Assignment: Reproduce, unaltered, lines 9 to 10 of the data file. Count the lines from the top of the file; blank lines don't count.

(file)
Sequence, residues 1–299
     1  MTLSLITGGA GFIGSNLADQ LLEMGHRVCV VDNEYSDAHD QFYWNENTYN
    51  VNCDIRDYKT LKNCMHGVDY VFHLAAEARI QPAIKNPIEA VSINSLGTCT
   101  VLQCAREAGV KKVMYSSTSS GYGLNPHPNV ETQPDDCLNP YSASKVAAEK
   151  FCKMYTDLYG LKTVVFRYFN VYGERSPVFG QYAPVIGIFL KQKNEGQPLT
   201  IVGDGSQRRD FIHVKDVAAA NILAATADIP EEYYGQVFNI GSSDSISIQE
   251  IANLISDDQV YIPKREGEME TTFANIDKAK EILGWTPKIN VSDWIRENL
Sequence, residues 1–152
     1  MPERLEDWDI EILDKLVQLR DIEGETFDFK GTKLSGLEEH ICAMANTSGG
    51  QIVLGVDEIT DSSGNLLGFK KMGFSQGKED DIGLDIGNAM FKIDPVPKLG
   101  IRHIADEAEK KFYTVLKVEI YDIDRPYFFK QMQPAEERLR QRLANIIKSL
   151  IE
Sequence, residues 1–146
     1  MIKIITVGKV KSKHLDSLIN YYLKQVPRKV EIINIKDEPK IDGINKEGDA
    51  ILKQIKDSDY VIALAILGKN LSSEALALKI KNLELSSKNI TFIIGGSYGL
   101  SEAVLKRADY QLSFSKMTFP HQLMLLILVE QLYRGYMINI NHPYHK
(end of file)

     1  MPERLEDWDI EILDKLVQLR DIEGETFDFK GTKLSGLEEH ICAMANTSGG
    51  QIVLGVDEIT DSSGNLLGFK KMGFSQGKED DIGLDIGNAM FKIDPVPKLG